AH-6 Little Bird
Two special operations versions of the OH-6A are the AH-6C "Little Bird" armed variant, and the MH-6B transport/utility version. The AH-6 Little Bird can be outfitted with 2.75-in. rockets, a 7.62 minigun, Hellfire missiles, a 30 mm cannon and a .50-caliber machine gun. The AH-6 Little Bird Gun, a light attack helicopter, has been tested and proven in combat. The AH-6 is designed for light attack, close air support and direct attack for special operations forces in adverse weather and at night. The AH-6 can carry a wide array of weapons mounted on Aerocrafter Plank weapons carriers. It provides armed helicopter support to both ground and air special operations. The unrefueled range of the AH-6 is 250 nautical miles.
This small tactical helicopter is flown by units of the 160th Special Operations Aviation Regiment. It can cruise at speeds of 160 mph and is a derivation of the old OH-6 "Cayuse." Among the weapons it can carry is the TOW missile and the aircraft can be equipped with two weapon pods on each side of the fuselage plus a telescopic nose sight for the gunner and a steering indicator for the pilot. A 30 mm chain gun can be fired at rates of up to 750 rounds per minute.
Early versions of the Little Bird were originally developed from the OH-6A and include the AH-6C and EH-6B and MH-6B, all powered by a single Allison T-63 252 SHP engine. Later versions are based on the successful Boeing (McDonnell Douglas) MD-500/MD-530 series helicopters. Most aircraft have been rebuilt to a common standard, AH-6H, and are fitted with a 425 SHP Allison 250-C30 turboshaft engines.
The latest versions of this aircraft, the AH-6J attack helicopter, features a more powerful engine and improved avionics, including an embedded GPS/inertial navigation system and forward-looking infrared (FLIR). The AH-6J can be armed with two seven-tube 2.75 inch rocket launchers and two 7.62mm M134 "miniguns". The "Little Bird" can also be armed with .50 Cal. machine guns, MK19 40mm grenade machine gun, Hellfire missiles, and Air-to-Air Stinger (ATAS) missiles.
Aircraft are being upgraded under the Mission-Enhanced Little Bird [MELB] program, The MELB provides centralized management for the research, development, procurement and fielding of special operation forces (SOF) enhanced versions of the AH/MH-6 helicopters. Upgrades include a six bladed main rotor, a canted four bladed tail rotor, a 600 shp main transmission drive system and more powerful Allison engines. The improved engine inlet and airframe structural modifications enable a gross weight increase from 1991 to 2367 kg.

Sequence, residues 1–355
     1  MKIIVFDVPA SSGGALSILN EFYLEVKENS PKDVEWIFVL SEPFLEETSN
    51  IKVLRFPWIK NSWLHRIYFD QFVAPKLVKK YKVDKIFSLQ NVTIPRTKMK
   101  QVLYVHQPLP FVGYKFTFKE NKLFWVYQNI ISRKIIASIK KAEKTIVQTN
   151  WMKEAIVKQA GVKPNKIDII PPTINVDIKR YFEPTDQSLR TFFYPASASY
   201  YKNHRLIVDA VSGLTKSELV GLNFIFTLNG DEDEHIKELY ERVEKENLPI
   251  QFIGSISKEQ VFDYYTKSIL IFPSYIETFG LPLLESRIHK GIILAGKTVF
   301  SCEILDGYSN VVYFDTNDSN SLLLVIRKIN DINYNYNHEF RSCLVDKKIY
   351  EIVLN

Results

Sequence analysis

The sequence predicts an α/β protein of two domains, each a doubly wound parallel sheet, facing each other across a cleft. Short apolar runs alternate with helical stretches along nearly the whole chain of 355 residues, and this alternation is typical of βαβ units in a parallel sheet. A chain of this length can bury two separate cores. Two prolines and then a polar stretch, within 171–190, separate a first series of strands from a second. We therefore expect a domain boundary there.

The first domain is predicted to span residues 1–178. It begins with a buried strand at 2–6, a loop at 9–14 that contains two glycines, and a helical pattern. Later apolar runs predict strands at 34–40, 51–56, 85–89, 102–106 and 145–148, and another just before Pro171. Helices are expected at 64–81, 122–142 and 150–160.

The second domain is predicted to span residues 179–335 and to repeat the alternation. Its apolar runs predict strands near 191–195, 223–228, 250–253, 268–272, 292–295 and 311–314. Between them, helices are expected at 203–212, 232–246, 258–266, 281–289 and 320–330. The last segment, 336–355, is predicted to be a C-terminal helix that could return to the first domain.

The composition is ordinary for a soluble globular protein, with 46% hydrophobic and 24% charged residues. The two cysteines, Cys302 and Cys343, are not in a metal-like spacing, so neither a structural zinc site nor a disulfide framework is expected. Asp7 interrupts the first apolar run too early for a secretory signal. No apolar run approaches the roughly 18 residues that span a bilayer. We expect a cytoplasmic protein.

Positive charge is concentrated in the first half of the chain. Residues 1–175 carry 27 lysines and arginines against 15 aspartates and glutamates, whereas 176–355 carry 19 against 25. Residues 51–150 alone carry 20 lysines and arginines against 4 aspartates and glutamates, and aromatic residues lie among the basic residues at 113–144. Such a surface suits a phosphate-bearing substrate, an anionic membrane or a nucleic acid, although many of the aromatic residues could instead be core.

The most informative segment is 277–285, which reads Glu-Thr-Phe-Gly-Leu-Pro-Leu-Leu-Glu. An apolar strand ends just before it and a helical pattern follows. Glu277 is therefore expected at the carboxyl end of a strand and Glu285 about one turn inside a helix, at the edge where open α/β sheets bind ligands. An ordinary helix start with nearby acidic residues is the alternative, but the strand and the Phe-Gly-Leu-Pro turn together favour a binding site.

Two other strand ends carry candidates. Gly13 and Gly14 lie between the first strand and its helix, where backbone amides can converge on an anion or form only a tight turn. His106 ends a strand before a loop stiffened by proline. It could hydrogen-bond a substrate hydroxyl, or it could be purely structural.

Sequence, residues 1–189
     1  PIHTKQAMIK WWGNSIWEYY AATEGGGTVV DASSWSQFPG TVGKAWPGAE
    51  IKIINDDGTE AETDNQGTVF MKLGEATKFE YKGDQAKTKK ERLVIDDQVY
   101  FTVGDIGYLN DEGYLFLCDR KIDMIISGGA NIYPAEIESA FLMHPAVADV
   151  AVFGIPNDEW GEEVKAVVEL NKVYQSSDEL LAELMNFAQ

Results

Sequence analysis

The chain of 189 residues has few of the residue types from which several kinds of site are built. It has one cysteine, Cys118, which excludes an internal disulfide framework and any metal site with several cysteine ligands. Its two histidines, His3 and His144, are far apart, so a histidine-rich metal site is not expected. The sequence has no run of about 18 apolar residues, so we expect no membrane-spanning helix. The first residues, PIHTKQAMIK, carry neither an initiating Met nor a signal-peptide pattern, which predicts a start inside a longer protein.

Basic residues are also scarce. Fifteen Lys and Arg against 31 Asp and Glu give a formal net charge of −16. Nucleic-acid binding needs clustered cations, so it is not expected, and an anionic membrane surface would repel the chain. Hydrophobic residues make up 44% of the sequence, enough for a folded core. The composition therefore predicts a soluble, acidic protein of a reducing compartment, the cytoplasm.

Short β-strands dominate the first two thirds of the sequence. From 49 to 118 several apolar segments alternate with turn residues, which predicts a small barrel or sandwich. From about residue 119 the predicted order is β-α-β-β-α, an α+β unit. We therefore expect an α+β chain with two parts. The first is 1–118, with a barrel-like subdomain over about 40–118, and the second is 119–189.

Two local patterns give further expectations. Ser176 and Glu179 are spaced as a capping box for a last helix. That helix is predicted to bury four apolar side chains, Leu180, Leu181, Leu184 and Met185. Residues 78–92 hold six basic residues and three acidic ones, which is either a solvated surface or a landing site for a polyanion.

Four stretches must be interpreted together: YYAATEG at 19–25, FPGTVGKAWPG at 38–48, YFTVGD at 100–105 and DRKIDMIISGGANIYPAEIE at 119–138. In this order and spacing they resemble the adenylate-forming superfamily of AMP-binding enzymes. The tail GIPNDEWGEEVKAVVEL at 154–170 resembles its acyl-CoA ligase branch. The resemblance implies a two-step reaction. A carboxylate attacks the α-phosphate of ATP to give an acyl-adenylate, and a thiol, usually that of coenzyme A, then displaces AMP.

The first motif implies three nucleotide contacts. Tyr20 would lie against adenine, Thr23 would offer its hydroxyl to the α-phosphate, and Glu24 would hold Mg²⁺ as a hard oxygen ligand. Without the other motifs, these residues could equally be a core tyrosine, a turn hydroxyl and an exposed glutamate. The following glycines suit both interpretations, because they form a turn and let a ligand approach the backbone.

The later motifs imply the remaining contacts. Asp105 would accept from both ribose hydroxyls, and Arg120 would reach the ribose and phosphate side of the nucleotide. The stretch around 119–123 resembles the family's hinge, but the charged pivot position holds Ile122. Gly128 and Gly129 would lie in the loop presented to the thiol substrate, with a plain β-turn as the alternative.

FY2000 funds provide for the integration of the Allison 250-C30/R3 engine, and Full Authority Digital Electronic Control software refinement into the Mission Enhanced Little Bird (MELB) aircraft. This provides extensive Electro Magnetic Interference/Electro Magnetic Countermeasure (EMI/EMC) testing for the MELB aircraft. This includes shipboard compatibility, full certificate at the Dahlgren facility and additional shielding/protection for the aircraft systems. The FY2000 program partially replaces large single functional analog components with fleet common miniaturized, light weight multifunctional econfigurable displays for flight, navigation, communication and weapons systems management.
In April 2000 USS ESSEX (LHD 2) conducted a joint shipboard helicopter integration process is providing key interoperability information to ensure the success of future joint-service operations helping the United States meet the diverse missions that may face the military in the future. ESSEX, a multi-purpose amphibious assault ship, embarked four Army helicopters, two UH-60A Blackhawks and two AH-6 special operations helicopters. Those aircraft helped evaluators test everything from hot refueling and ordnance loading procedures and aircraft movement on the flight deck, to wind parameters and maintenance support.
The FY2001 plan continues to provide for the integration of the Allison 250-C30/R3 engine, and Full Authority Digital Electronic Control software refinement into the Mission Enhanced Little Bird (MELB) aircraft. Efforts continue to provide for extensive Electro Magnetic Interference/Electro Magnetic Countermeasures (EMI/EMC) testing for the MELB aircraft. This includes shipboard compatibility and certification at the Dahlgren facility and additional shielding/protection for the aircraft systems. Work continues to replace large single functional analog components with fleet common miniaturized, light weight multifunctional reconfigurable displays for flight, navigation, communication and weapon systems management.